Augmented reality: Star Trek’s holodeck or Bradbury’s Farenheit 451?

I sometimes take a walk on the wild side and simply post about something that interests me so today, I have two items about augmented reality projects from the Fast Company website. The first article by Cliff Kuang highlights a project at McGill University in Montréal, Canada where researchers have created a floor that can feature different textures. From the article,

What happens when display screen technology gets so cheap you can lay it down like carpeting? Researchers at Canada’s McGill University have an idea: floor tiles which use precisely calibrated vibrations to simulate snow, grass, sand, and myriad other surfaces–and can even be programmed to become virtual buttons and sliders.

It sounds like a promising start to Star Trek’s  holodeck suite doesn’t it? You can read more about it in Kuang’s article and if you’re interested in additional detail, you can go to Kristina Grifantini’s article in Technology Review where she notes that the project was presented at the IEEE (Institute of Electrical and Electronics Engineers) 2010 Haptics symposium in Waltham, Massachusetts this last March. From Grifantini’s article,

Yon Visell, a researcher at McGill’s Center for Intelligent Machines and first author of the paper, says the tiles could be used “either for human computer interaction or immersive virtual reality applications.”

This next augmented reality project is written up in a Fast Company article by Ariel Schwartz and features a focus on changing social behaviour. Ever been somewhere and observed someone getting beaten not knowing how to intervene and put a halt to the situation? This project in The Netherlands features a giant billboard where such a scene plays out but if you look up, you’ll see yourself incorporated (realtime) into the scene as a bystander. Here’s the video from YouTube,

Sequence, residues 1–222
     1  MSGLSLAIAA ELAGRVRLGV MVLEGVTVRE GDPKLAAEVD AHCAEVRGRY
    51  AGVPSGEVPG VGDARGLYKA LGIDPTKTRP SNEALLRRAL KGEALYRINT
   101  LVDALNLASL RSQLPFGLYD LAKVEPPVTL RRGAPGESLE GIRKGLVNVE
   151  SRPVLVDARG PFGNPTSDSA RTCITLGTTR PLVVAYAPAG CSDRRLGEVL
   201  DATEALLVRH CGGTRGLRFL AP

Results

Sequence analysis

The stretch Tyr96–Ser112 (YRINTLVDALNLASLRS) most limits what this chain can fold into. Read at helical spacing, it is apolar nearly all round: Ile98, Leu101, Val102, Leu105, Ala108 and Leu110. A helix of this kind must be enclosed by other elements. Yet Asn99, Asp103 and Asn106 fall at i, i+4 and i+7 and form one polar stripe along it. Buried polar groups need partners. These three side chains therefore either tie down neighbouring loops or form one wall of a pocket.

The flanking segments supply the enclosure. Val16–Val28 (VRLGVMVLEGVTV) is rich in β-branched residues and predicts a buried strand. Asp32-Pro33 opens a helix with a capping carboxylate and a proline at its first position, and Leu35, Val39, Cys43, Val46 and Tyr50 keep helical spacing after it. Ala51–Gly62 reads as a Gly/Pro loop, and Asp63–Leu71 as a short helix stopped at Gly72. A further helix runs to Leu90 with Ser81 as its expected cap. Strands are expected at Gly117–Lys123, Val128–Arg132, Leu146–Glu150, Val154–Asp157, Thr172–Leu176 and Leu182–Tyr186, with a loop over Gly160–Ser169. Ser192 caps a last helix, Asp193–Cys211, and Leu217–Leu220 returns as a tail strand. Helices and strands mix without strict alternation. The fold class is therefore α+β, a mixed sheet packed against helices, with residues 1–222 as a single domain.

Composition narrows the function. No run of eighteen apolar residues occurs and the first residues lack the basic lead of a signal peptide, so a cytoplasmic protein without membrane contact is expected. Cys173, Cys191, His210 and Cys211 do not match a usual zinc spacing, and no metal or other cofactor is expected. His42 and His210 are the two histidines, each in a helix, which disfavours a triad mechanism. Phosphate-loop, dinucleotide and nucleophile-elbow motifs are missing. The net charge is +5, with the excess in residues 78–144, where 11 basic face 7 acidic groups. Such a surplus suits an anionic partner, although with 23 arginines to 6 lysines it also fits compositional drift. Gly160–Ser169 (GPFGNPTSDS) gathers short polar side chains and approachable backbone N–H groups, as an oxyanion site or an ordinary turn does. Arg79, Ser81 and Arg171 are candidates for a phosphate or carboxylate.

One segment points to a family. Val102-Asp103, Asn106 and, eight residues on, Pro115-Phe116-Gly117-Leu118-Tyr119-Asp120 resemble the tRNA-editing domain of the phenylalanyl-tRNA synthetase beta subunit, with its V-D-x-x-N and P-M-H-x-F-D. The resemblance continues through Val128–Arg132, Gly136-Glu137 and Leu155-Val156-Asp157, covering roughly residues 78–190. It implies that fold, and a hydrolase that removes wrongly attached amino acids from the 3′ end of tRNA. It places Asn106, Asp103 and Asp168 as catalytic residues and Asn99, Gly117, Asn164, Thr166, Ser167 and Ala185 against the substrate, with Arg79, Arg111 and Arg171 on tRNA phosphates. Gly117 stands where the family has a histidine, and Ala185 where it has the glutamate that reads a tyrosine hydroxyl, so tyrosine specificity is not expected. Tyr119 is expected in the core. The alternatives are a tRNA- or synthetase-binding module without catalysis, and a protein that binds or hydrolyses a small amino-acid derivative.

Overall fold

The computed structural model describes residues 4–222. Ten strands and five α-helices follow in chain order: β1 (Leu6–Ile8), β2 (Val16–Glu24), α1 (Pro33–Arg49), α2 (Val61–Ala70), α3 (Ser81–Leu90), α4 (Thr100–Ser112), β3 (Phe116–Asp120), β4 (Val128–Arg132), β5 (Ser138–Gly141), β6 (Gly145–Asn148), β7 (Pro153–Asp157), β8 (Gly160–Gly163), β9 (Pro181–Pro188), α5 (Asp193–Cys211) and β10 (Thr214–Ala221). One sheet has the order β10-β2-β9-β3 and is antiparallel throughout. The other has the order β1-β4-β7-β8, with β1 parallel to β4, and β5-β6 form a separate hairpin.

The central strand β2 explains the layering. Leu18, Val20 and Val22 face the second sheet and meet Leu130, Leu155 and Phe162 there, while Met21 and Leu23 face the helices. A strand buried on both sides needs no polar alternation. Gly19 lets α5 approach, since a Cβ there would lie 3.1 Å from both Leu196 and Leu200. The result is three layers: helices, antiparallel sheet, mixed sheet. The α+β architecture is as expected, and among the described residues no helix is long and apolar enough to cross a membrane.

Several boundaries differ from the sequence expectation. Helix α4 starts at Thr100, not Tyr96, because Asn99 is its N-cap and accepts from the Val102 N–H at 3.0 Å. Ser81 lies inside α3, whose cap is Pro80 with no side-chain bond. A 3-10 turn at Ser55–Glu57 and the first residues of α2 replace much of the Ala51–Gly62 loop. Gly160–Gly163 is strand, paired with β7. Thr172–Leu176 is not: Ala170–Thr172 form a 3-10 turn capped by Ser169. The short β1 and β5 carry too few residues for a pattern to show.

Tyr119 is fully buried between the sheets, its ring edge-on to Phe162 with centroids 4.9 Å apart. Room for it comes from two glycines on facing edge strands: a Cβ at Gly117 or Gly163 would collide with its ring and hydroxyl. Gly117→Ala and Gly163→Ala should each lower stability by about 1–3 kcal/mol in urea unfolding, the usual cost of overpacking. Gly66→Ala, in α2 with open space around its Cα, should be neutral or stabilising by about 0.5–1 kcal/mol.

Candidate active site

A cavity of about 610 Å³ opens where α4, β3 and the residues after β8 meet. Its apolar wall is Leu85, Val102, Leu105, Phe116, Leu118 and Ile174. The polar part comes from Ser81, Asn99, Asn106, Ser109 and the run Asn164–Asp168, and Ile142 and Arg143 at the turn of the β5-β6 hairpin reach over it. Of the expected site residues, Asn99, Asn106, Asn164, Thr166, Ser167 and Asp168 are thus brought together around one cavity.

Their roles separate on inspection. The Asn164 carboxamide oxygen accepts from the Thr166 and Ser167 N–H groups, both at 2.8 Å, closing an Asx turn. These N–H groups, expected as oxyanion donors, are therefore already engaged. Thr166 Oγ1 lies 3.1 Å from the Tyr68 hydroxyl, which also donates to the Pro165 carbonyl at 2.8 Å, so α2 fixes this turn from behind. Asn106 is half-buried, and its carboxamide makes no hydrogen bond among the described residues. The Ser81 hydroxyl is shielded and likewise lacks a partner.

Live interactive mega billboard against agression

The experience of watching  this piece (watching the watchers become part of the drama they watch on the big billboard) reminded me of the movie version of Ray Bradbury’ story Farenheit 451 where in a future time firemen are called in to burn books which are illegal to read or own. We meet one of the lead characters, a fireman played by Oskar Werner, as he and his team are called in to destroy a library in someone’s home. He later returns to his own home where his wife demands that he purchase a fourth video wall for the room where she watches her soap opera. She needs the fourth wall as it will give her an immersive experience where she’s entered and become part of the soap opera.

This project is lightyears from Farenheit 451 dystopic scenario in terms of how and to what uses these technologies can be implemented. The billboard offers you both a reflection of your own behaviour as a bystander (in what is thankfully a drama this time) while offering you practical options for dealing with the real life situation should it arise.

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